“If you look at how just by shifting the type of trucks from diesel trucks to natural gas, or even potentially electric vehicles … that can have an impact on emissions drastically,” said Menchaca.
NYCEDC officials, who commented for this article on background, said that Sunset Park, an existing industrial enclave, already has heavy truck traffic and should not experience an increase from Freight NYC. Though they plan to evaluate individual Freight NYC projects on a case by case basis, they do not believe that the plan will require uniform land use review procedure (ULURP) review for already industrial areas like Sunset Park, particularly since last-mile delivery trips can eventually be handled by low or zero emissions electric vehicles.
The NYCEDC is still working with the city to secure funding for costly clean energy vehicles and clean transportation infrastructure, such as charging stations and alternative fueling stations. They are also seeking private sector partners who can help them set the market in motion. While Sunset Park’s South Brooklyn Marine Terminal may start receiving cargo next year, the transfer to clean energy could take much longer.
Trucks and tradeoffs
Kruse of Texas A&M said it will be difficult to convince suppliers to use smaller, greener vehicles because they are less powerful and much more expensive.
“You’re going to raise the cost of doing business. Are people really going to want to do that?” Kruse said.
Experts, including Kruse, pointed to America’s Marine Highway Program, a nationwide, Department of Transportation-sponsored effort to move freight transportation from highways to navigable waterways, as a good model to examine when thinking about potential challenges to Freight NYC (the NYC plan is designed to support the program).
Barges are more energy efficient than trucks. According to a report commissioned by the U.S. National Waterways Foundation, they can get more than four times the fuel mileage for each ton of cargo they transport. According to Kruse, one dry barge holds 70 truckloads of goods
But, one problem the America’s Marine Highway has faced is that barges are much slower than trucks—barge speeds rarely exceed 20 miles per hour (and may move much slower depending on currents and weather conditions) while trucks average between 50 and 60 miles per hour—and require larger volumes of inventory to be efficient.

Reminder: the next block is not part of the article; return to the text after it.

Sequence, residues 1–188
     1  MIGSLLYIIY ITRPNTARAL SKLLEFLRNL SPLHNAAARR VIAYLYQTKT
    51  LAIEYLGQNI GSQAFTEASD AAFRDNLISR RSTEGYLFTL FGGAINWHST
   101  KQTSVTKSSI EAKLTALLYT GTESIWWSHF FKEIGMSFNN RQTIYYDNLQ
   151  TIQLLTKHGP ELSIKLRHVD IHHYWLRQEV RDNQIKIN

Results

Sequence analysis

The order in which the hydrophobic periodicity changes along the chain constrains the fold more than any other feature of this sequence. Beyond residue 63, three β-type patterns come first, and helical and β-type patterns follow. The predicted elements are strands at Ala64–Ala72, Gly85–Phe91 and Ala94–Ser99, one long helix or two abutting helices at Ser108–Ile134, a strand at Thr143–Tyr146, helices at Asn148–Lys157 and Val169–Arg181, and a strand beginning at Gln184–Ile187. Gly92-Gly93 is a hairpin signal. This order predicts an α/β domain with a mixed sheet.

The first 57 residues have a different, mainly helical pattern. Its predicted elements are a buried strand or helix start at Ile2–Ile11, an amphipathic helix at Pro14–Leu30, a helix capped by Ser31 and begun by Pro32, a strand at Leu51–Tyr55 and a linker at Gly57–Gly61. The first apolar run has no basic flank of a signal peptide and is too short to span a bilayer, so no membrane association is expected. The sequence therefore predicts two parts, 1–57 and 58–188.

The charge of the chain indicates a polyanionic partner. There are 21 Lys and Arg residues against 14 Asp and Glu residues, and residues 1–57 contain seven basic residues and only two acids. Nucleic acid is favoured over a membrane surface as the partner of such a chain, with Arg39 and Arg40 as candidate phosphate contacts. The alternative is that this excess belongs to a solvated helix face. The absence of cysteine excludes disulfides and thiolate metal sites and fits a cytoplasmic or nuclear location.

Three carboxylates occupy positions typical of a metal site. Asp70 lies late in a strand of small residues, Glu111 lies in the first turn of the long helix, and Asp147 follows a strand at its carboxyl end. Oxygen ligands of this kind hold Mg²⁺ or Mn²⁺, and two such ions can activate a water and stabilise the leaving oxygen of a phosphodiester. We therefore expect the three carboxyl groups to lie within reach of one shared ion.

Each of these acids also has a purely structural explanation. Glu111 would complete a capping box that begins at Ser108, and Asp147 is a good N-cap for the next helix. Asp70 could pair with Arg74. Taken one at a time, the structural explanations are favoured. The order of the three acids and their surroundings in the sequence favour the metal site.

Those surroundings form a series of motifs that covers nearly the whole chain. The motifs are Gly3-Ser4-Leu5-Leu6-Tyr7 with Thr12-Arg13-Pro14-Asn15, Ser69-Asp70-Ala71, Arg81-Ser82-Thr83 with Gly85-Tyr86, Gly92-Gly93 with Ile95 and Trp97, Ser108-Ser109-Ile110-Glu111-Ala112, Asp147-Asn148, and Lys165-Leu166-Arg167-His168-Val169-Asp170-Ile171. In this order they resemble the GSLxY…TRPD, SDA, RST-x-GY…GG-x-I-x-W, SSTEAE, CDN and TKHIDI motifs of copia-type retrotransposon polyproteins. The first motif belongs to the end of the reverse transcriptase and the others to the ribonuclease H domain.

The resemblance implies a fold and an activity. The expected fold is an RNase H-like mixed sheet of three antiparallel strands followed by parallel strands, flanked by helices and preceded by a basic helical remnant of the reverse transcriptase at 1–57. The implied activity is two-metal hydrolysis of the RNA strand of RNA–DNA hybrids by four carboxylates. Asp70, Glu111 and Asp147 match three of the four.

“This doesn’t work for things that are high value that you don’t want tied up for long periods of time,” Kruse said.
The Red Hook Container Terminal (RHCT), the only barge terminal currently located in Brooklyn, was recently designated as the operator of the South Brooklyn Marine Terminal and is part of America’s Marine Highway. Mike Stamatis, its president and CEO, said that he has had no issues in convincing suppliers to ship goods by barge instead of truck, but his clients are mostly shipping between continents. He thinks the switch from truck to barge would be beneficial for local suppliers, too.
“Our regional bridges and roads are as congested, stressed, and tired as any time in recent memory and suppliers are in need of alternative means to reach customers,” he wrote over email. “Furthermore, we are all aware of rising costs of fossil fuels and increased regulation limiting or taxing use of such. Barge freight does not face these challenges. Rising tolls and driver rules also favor barging freight to the consumer over trucking.”
Another challenge faced by the marine highway initiative is the Jones Act, a U.S. maritime commerce law that requires goods moved by water to be transported on ships built in the U.S. and operated by U.S. citizens or permanent residents.
Kruse said the law results in higher equipment and transportation costs for goods traveling by barge.
According to Stamatis, New York has several Jones Act tug and barge companies that will have to compete to handle the new service demand. The competition “will help control market costs,” he said.
The most economically feasible options for barge travel are large, non-perishable goods, such as construction supplies, that can fill a barge to capacity.
According to officials from the NYCEDC, the city is examining the possibility of shipping goods such as less perishable food, construction materials, toys, and clothing.
ABC Supply Co. Inc. is a nationwide construction materials distributor that uses diesel-powered 18-wheelers to transport roofing and siding supplies.
Lenny Newman, who works sales for the company’s Jamaica, New York branch, said his company would never consider distributing their construction materials, which travel from Long Island to New York City, by barge.
“This adds a ridiculous extra step,” he said. “There’s too many places on Long Island that cannot wait for a barge to be loaded and unloaded.”
The New York Construction Materials Association is a trade organization that represents suppliers of road building materials—asphalt, concrete, and aggregates such as sand and gravel. According to Dave Hamlin, the CEO, its members already ship the bulk of their materials by barge.
Getting these materials off the barges and to local buyers, however, would be difficult to accomplish using vehicles not powered by diesel fuel.
“They are very bulky, very heavy, and you need a great deal of power to move them around,” Hamling said.